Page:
Here are the basics that you need to know.

Before making any cuts, identify the shrub. What shape does it naturally want to grow? Here’s one important thing to remember - prune it so that it continues that natural growth habit. If it’s a weeping shrub, for example, you want to cut off any branches growing straight up, and leave only the ones that are weeping.

Now you’re ready for your first cut. Prune out all dead branches, cutting back to live wood if possible. If the whole branch is dead, then cut it back to the main trunk. Sometimes this will leave a big hole in the shrub – many times people worry that the hole will look terrible. But the dead branches look worse, so take a deep breath and remove those dead branches. See picture.

Next, cut out any diseased branches, and those infested with insects. Cut back past the infected or infested areas until you come to clean wood.

Remove broken branches. These are not only unsightly, but can cause further problems if they are not removed.  Wind or heavy snow and ice can add weight to the branch, causing it to rip the bark off the main trunk, causing further damage to the tree or shrub.

Next, remove suckers – narrow branches coming straight up out of the base of the shrub. These sap the strength of the rest of the tree.

Stand back and take a look – in most cases this is all you have to do. In fact, if you just go around your garden once or twice a year and do the above steps, you won’t have to do much more pruning, and you’ll make a big improvement in your garden.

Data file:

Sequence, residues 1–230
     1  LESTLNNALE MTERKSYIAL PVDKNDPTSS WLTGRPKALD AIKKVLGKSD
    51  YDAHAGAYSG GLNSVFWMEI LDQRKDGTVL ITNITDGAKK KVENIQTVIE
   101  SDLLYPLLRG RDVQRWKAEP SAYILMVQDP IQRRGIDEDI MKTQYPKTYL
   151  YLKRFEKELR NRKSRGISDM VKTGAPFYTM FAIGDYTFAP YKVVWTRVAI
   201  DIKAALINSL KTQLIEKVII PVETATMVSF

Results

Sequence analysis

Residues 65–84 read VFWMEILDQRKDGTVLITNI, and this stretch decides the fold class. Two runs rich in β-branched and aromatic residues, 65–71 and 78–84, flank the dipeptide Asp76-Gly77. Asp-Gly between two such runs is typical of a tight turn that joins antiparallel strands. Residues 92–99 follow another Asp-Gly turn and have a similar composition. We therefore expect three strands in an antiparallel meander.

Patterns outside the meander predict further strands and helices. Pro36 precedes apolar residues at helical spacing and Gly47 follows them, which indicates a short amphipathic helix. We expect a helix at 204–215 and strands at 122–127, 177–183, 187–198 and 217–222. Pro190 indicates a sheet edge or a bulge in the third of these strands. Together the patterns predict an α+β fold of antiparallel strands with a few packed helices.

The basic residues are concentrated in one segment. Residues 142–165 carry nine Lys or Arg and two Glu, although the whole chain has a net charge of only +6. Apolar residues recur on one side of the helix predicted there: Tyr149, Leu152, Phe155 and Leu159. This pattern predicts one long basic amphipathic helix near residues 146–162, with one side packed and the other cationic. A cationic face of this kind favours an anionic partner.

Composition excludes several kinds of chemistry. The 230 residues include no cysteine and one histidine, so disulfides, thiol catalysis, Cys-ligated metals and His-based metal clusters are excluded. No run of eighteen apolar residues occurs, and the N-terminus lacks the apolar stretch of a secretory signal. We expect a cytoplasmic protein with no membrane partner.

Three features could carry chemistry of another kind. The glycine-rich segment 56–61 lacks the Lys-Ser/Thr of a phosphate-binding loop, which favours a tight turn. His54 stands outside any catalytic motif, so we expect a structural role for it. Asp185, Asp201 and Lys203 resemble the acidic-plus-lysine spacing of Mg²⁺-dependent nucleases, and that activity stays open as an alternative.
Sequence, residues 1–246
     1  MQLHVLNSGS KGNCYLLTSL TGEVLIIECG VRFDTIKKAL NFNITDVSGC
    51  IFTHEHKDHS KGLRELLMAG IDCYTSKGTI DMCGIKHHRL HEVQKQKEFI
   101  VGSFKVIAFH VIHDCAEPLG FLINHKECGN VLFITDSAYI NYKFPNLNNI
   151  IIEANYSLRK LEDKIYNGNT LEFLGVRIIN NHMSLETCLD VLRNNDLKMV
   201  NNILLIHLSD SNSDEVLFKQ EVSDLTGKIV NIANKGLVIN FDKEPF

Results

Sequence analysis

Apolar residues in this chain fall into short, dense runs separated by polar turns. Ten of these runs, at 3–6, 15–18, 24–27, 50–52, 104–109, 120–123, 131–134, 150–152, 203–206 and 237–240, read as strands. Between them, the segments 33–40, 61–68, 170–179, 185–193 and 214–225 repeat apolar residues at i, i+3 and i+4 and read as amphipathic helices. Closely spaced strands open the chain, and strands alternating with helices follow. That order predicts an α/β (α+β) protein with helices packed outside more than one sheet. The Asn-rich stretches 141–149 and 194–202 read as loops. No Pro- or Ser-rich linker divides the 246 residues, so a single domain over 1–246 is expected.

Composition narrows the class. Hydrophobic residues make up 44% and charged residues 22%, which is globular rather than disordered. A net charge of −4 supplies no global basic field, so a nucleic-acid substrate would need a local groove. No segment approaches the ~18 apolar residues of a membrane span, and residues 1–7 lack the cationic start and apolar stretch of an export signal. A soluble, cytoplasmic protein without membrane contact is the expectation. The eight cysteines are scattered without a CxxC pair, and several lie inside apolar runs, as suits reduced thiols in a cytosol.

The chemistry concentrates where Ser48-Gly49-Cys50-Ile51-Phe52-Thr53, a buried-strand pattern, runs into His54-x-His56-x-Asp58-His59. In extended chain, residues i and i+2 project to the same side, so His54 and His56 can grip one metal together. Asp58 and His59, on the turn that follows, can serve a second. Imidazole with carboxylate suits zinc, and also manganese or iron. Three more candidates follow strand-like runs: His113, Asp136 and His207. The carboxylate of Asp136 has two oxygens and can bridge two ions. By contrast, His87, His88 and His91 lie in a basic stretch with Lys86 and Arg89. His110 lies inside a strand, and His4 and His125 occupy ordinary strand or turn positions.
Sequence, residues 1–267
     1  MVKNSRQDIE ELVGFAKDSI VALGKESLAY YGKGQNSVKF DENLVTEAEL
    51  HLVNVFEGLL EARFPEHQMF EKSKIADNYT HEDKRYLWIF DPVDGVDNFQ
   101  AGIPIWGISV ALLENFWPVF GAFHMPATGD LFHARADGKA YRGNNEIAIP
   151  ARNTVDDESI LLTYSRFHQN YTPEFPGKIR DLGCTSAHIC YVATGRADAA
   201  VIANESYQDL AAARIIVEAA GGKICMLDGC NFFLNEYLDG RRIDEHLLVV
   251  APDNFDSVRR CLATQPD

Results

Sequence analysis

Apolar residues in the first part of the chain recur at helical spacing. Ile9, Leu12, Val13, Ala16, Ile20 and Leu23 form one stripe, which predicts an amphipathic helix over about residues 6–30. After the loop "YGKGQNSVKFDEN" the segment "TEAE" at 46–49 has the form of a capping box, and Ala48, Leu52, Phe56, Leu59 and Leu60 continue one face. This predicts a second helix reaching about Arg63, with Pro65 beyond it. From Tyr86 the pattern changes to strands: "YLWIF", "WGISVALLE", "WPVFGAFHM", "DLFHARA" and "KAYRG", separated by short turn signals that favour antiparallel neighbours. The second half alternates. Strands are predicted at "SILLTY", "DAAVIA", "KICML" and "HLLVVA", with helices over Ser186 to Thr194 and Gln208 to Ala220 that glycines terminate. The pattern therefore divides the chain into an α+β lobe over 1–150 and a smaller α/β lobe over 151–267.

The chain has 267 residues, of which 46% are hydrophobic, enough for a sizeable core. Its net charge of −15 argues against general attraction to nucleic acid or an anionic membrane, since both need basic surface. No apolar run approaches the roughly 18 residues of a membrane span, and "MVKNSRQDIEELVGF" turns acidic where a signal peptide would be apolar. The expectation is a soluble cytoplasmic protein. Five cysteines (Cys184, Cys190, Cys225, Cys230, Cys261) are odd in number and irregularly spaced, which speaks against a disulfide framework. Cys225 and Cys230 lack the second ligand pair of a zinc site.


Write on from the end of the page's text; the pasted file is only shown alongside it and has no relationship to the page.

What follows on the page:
Follow these tips and you’ll have beautiful, natural looking shrubs.

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Welcome to Pruning!
by Carol Chernega - posted 01/05/16

One day I was driving down the road with my husband, when suddenly I screamed.

“What’s wrong?” John asked, thinking he had to slam on the brakes.  “Did you see that tree?” I asked.  “It was so horribly pruned.”  John sighed.  “Only you would scream over a badly pruned tree.” 

And it’s true.  I’m passionate about pruning.  In fact, it’s my favorite gardening task.  People sometimes laugh when I say that.  They find pruning difficult, puzzling and scary.  They wonder:   What if I do the wrong thing? What if I prune at the wrong time?  What if I kill the tree?

Since I love pruning so much, I decided to specialize in it when I started my garden maintenance business near Pittsburgh, PA.  For over ten years I’ve also been teaching pruning workshops and advising homeowners on the right way to prune shrubs.  I’ve developed a lot of basic pruning tips that I’m going to share with you in this blog.

So think of me as your Personal Pruning Coach.  I’m going to show you how to choose your teammates (otherwise known as your tools), teach you the Rules of the Game, (and why WHEN you prune isn’t as important as HOW you prune) and explain why it’s important to Identify Your Opponent.  I’ll help you win the pruning game.

And remember:  Don't Panic!

Feel free to post your questions in the comment area.  Together we can make pruning a win-win gardening task.